Last week, the U.S. Department of Justice charged a China-based Zoom executive with disrupting video meetings hosted by users outside China that commemorated the 1989 Tiananmen Square massacre.
- The complaint reveals the now-terminated employee was sending the private data of some U.S.-based users directly to the Ministry of State Security (MSS), China's main civilian spy agency.
Why it matters: Researchers and U.S. government officials have warned that the Chinese government might require China-based employees of U.S. companies to hand over private company data to Beijing. The DOJ's charges indicate those fears are valid.
Details: Xinjiang Jin, also known as Julien Jin, officially served as Zoom's "primary liaison" with Chinese law enforcement and intelligence services, regularly responding to requests from Beijing "for information and to terminate video meetings" hosted on the company's video platform, according to the complaint.
- Zoom abides by Chinese domestic law for users based in China, handing over information and suspending meetings deemed to be in violation of Chinese law, which can include meetings that discuss politically sensitive topics.
- But Jin's communications with the MSS and other Chinese officials went beyond what Zoom had authorized, according to the DOJ. Jin allegedly provided the Chinese government with information including IP addresses, names and email addresses of users located outside of China.
- While in close communication with MSS officials, Jin allegedly fabricated evidence to falsely accuse accounts that held Tiananmen memorials in May and June of this year of promoting terrorism and pornographic content and sent falsified images to Zoom executives, according to the complaint.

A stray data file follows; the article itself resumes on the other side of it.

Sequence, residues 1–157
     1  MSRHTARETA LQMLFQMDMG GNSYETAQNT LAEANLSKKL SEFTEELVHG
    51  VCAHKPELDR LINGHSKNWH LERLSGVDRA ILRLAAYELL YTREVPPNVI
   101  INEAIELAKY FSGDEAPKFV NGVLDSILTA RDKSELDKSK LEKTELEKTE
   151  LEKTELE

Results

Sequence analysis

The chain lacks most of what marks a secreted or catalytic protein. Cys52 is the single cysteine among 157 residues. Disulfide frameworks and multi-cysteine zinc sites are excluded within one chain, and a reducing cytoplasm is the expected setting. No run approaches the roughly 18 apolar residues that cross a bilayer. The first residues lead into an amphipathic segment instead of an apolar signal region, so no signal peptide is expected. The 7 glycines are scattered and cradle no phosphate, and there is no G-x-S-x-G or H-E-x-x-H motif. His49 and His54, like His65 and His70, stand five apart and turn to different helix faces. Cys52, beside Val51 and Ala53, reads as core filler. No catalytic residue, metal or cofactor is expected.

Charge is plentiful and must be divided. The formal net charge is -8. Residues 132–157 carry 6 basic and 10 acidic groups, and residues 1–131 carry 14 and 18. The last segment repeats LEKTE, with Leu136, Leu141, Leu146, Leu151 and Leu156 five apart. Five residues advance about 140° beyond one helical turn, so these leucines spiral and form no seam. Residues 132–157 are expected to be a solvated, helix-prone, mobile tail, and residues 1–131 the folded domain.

The big picture: This is precisely the scenario U.S. analysts and national security professionals have warned might happen to U.S. tech companies with operations in China. That's because China's laws mandate cooperation and coordination between Chinese firms and the Chinese government.
- A 2015 national security law obligates individuals and companies to provide assistance to the government to "safeguard national security," and a 2017 law requires private-sector cooperation with China’s intelligence services.
- This means Chinese law requires local employees to assist with government information and censorship — and to keep that assistance a secret upon request.
Put simply, if the MSS was sending these requests to Jin, a Chinese national on Chinese soil, he was required by law to comply and to keep his actions a secret.
Zoom executives have long known their China operations carry a degree of risk. Zoom has more than 700 employees in China, many of them part of its research and development team.
- In its January 2020 filings to the U.S. Securities and Exchange Commission, the company stated its “high concentration of research and development personnel in China” could “expose us to market scrutiny regarding the integrity of our solution or data security features."
- But despite this risk, Zoom’s official position as stated in its 2020 SEC filings was that its China operations presented a “strategic advantage” because it allowed the company to “invest more in increasing our product capabilities in an efficient manner.” Relocating its product development team outside of China would result in “higher operating expenses.”
What they're saying: "We support the U.S. Government’s commitment to protect American interests from foreign influence. As the DOJ notes, Zoom has been fully cooperating with them in this matter," a statement posted to Zoom's website read.
What to watch: While Zoom said earlier this year it would boost the number of U.S.-based members of its R&D team, Zoom has not indicated it will close its China-based R&D operations. Zoom declined to comment.